The wiring is not symmetrical.
However most phone systems are indifferent to the polarity of the line. Some older PABX and enhanced PSTN systems did require the correct polarity before enhanced functions would operate. The bulk of modern electronic phone line termination circuits incorporate a bridge rectifier before the DC clamping/hook/flash circuits so do not know which polarity is connected.
10 and 100 Mbps UTP LAN cabling makes use of a RJ45 8pin connection. Only 4 of the circuits are used even if all 8 are connected. The pinout requires the transmit pins of one device to connect to the receive pins of the other device. This requires proper pin selection. The transmission is a differential drive so the transmitter has a positive and a negative pin and these must match the appropriate positive and negative on the receive side. The LAN interfaces were made with the transmit either on pins 1 and 2 and receive on pins 3 and 6 but on devices like network switches and hubs the transmit was on 3 and 6 and receive on 1 and 2. This allowed straight through cabling in this standard configuration. The cable pairs had to be on 1 and 2 and the other on 3 and 6.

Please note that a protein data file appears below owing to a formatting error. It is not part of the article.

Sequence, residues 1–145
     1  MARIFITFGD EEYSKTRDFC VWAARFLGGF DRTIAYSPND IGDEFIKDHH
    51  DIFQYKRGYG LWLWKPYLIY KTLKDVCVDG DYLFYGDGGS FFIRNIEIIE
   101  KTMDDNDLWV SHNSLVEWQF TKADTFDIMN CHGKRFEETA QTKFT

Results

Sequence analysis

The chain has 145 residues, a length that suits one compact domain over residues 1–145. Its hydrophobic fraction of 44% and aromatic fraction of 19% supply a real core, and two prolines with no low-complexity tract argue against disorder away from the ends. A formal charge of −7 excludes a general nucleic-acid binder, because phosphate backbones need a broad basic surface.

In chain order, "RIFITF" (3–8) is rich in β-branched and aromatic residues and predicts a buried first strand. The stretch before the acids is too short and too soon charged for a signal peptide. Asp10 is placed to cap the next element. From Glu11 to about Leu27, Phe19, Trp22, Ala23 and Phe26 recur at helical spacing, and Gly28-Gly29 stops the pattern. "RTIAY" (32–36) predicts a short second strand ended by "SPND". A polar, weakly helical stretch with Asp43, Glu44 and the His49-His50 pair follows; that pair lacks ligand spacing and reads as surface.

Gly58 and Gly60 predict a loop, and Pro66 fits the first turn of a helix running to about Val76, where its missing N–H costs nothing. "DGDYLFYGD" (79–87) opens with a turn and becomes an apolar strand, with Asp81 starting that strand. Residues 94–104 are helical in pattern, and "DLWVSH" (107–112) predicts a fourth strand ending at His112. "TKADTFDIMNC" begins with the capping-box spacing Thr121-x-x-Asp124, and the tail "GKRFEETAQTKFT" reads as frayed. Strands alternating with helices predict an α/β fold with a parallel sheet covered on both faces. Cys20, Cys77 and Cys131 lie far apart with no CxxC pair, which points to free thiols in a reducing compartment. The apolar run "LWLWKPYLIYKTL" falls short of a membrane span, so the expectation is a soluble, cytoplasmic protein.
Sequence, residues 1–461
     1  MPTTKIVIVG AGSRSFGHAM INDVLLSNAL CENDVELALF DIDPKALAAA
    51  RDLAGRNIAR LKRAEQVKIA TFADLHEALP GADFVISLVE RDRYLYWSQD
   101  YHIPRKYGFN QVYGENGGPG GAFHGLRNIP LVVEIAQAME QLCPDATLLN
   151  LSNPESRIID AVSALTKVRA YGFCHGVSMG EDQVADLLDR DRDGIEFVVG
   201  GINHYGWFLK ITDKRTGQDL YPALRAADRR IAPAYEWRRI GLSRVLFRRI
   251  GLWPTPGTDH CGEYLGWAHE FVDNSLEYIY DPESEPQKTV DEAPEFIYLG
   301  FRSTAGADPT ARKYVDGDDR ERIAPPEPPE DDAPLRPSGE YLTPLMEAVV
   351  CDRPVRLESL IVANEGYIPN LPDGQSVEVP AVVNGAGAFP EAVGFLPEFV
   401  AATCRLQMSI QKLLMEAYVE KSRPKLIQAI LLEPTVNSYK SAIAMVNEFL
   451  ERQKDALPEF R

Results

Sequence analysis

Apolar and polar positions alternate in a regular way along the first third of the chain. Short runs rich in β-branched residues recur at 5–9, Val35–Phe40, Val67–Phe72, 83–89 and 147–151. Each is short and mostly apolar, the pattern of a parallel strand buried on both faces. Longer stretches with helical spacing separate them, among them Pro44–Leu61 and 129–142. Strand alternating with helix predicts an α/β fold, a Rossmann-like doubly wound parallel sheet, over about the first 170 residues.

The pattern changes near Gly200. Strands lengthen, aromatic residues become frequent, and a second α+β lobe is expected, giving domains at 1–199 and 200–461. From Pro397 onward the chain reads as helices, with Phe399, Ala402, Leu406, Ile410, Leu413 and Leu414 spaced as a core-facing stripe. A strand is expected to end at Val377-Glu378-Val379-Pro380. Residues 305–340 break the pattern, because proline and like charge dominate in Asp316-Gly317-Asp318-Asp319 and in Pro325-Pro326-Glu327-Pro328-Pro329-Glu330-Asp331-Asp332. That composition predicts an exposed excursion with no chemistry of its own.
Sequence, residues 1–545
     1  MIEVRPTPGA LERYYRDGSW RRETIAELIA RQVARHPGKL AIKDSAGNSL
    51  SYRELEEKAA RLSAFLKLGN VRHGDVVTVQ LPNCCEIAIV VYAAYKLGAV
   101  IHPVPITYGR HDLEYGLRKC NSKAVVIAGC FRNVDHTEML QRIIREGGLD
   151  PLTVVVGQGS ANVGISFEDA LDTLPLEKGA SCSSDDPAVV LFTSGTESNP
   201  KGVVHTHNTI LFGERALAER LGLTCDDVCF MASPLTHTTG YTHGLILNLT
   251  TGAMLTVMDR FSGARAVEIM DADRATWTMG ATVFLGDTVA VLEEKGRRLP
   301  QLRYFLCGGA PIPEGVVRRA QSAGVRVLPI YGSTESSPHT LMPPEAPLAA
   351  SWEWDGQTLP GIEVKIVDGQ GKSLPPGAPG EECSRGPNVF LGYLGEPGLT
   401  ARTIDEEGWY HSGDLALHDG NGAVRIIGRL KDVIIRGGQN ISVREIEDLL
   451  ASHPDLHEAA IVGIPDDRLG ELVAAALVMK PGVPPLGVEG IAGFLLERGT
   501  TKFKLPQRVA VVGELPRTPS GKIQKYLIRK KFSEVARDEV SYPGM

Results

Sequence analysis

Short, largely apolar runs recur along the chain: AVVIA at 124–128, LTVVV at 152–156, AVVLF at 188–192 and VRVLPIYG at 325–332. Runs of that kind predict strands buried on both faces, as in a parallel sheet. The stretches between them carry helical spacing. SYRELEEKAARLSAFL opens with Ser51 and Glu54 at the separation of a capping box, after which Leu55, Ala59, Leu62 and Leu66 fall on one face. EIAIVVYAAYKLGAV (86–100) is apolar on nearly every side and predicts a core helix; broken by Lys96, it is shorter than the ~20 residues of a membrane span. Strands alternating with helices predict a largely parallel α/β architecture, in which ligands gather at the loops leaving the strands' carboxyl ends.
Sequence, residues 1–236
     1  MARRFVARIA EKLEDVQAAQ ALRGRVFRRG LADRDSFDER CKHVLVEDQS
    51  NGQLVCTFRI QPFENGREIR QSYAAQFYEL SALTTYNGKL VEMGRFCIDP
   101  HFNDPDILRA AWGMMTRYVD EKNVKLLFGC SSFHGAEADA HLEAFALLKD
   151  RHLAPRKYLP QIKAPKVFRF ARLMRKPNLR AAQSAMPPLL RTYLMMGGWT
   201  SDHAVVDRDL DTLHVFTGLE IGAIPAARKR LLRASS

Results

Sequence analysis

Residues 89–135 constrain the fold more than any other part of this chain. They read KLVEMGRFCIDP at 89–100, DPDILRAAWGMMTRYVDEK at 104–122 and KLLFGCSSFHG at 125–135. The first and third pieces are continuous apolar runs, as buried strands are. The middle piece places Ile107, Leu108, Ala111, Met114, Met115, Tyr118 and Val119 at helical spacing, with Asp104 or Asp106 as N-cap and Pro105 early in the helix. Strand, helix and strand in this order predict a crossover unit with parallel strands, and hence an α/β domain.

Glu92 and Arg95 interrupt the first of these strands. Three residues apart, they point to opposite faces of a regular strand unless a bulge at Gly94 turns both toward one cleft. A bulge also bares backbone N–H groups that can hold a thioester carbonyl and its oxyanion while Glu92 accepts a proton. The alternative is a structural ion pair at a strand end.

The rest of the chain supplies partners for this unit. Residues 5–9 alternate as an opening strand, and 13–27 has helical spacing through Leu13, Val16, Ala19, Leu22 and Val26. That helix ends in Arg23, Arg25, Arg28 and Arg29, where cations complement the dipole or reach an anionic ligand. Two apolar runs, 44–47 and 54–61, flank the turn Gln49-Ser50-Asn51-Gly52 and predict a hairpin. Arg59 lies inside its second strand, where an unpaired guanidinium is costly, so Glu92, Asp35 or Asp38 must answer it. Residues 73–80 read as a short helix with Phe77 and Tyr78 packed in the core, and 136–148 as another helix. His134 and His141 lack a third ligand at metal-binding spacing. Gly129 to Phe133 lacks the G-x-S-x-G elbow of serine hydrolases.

Now when there were more unusual connections cross over cables were required. All this was a bit confusing so automatic detection of which pairs were connected to which pins was implemented. Modern devices appear to also tolerate crossing of positive and negative as well as swapping of pairs.
Modern Gigabit LAN uses 4 pairs and does not need cross over cables as it establishes the wiring in the hardware and communicates appropriately. I am not certain if the standard requires them to ignore pair crossing but this may be possible.
So the answer to the LAN question is modern systems also seem to be increasingly indifferent.